So holding the envelope by the short end, I left it go to slide behind the shovel and bag of salt against the brick wall of our office building. For some reason I then checked behind the items to make sure the envelope had landed safely.
I moved the shovel slightly and looked but couldn’t see the envelope. So I moved the bag and shovel farther from the wall ... NO ENVELOPE!
As my brain was trying to wrap around that fact, my eyes focused in on the porch floor by the wall and noted the crack between the wall and the porch. I couldn’t believe what my brain was telling me had happened. Without looking, without intentional aiming, I had somehow, blindly, dropped the envelope directly down the crack.
I know if I’d tried to have that envelope go through the crack just by dropping it from five feet above, it likely would have taken a multitude of tries. But let it be something you don’t want to happen, and first try – swoosh! – It sails unimpeded right down through the crack quick as anything.
Quickly leaving the porch I went down the cement steps next to the office to the sidewalk at the base of the stairs that would take me to the back of the building. Keeping my fingers crossed that the envelope would be lying on the back porch of what had been the bottom floor apartment. Once glance across the small porch and I knew the envelope was not there. But even worse, I realized that it would be either in the apartment or the locked shed next door – neither of which I could access.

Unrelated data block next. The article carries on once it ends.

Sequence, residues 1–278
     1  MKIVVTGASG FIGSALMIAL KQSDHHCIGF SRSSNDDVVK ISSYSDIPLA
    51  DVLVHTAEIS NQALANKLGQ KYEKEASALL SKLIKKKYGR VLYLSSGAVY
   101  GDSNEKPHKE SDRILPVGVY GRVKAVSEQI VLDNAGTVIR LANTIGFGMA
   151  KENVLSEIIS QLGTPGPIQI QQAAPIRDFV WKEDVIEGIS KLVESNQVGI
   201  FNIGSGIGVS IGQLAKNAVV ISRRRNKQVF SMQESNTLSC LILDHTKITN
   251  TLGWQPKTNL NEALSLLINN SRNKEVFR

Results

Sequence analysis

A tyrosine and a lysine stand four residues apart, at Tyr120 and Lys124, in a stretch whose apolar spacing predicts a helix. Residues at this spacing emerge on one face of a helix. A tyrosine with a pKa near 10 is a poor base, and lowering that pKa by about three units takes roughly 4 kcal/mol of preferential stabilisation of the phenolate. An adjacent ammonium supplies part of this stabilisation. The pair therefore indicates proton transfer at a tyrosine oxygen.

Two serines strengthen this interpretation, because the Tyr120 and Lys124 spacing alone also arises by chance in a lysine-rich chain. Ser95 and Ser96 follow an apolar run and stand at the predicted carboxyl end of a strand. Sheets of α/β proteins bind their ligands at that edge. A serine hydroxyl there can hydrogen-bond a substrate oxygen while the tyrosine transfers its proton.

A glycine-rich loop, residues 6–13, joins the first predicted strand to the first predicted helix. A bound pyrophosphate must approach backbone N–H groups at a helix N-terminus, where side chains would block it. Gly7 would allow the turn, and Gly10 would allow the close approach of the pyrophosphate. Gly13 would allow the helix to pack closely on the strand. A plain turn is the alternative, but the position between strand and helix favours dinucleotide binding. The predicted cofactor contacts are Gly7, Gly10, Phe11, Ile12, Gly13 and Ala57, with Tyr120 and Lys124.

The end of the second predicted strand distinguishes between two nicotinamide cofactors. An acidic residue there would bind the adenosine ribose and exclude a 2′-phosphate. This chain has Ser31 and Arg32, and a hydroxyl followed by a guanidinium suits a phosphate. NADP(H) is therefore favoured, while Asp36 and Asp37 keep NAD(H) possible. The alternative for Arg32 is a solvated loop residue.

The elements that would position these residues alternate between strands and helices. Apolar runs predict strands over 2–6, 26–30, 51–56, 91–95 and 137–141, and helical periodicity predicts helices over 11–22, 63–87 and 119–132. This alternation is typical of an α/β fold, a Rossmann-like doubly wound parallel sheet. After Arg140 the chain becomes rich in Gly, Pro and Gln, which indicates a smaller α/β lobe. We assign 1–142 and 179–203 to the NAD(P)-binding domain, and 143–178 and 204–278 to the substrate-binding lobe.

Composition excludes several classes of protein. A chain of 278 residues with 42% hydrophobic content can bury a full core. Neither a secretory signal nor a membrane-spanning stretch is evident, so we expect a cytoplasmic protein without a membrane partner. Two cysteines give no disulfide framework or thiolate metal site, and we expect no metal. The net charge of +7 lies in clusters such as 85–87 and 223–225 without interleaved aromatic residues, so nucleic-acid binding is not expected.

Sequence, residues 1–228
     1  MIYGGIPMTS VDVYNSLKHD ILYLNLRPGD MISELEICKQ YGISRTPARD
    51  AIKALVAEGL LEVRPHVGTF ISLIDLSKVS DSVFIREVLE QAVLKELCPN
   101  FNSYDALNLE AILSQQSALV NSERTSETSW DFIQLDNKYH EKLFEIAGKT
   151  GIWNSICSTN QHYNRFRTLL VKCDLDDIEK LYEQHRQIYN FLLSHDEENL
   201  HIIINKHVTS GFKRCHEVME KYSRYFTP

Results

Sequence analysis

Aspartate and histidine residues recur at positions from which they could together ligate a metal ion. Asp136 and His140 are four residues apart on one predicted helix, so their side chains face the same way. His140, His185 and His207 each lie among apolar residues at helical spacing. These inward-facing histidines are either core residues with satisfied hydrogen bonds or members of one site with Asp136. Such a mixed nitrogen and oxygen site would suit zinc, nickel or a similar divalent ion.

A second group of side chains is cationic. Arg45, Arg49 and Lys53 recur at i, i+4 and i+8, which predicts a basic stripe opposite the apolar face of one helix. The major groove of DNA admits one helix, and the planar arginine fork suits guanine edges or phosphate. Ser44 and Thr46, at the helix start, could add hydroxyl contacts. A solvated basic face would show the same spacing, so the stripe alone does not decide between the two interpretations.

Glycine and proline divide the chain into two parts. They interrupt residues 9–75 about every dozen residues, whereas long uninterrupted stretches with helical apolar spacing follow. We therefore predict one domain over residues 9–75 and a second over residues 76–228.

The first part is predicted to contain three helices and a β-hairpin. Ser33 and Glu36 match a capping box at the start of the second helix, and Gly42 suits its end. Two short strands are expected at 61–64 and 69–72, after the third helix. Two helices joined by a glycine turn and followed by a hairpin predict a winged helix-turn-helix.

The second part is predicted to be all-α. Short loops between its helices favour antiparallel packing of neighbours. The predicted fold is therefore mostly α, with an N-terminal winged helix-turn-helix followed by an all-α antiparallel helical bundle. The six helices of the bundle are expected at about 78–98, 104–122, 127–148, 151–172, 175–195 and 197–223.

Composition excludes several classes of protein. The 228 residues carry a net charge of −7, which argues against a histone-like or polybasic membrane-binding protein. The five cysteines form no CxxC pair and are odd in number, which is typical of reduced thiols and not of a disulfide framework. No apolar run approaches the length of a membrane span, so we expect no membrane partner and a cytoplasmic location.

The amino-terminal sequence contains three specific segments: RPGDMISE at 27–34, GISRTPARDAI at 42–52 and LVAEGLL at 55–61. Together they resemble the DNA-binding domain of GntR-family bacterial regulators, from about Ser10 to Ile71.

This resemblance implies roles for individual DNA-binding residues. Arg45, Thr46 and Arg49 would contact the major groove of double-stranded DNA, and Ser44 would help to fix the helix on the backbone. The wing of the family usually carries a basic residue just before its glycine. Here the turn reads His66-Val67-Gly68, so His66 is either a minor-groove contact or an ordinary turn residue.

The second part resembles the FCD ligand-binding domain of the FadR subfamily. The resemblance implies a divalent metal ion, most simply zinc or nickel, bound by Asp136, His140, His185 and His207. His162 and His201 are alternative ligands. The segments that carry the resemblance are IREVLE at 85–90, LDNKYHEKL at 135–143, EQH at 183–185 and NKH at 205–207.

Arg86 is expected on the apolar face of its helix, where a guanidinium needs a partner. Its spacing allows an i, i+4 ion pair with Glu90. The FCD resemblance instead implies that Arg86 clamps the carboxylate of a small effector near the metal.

All I could think was how was I going to get Rich his key back. Aha! I’d call the landlord, Galon Tonell. Galon said he had to mow the back yard of the office building and would come then to mow it and to help me retrieve the key.
About 20 minutes later, Galon arrived and once I showed him where I dropped the envelope, he entered the storage area and was able to quickly find the envelope. He was a definite lifesaver that day.
Now with the precious key back in my hands, I was once more faced with the decision of where to “hide” the key for Rich to find. Dad, who had come along that day for the ride and was watching this entire craziness take place, finally said ‘why don’t you put it inside the screen door?’
I looked at him and realized I hadn’t thought about that as a possible solution. Of course, I had to reply that the suggestion would have been even more helpful if it had been made before the envelope made its trip to the storage area.
So inside the screen door it went, and then I quickly sent a text to Rich about where to find his key – not mentioning the fiasco that had happened.
All of this in itself was really funny enough, but what really had me shaking my head was upon arrival at the office on Monday and opening the screen door, that envelope with Rich’s name on it and the key still inside was right where I had left it.
I entered the office and placed the envelope on Rich’s desk. If I had realized he wouldn’t be picking the key back up on Sunday, I’d have left it on his desk and never would have been part of the adventure of the missing key. But, on the other hand, then I would have had to think about what the column would be for this week.
So I guess sometimes being forgetful isn’t a bad thing after all.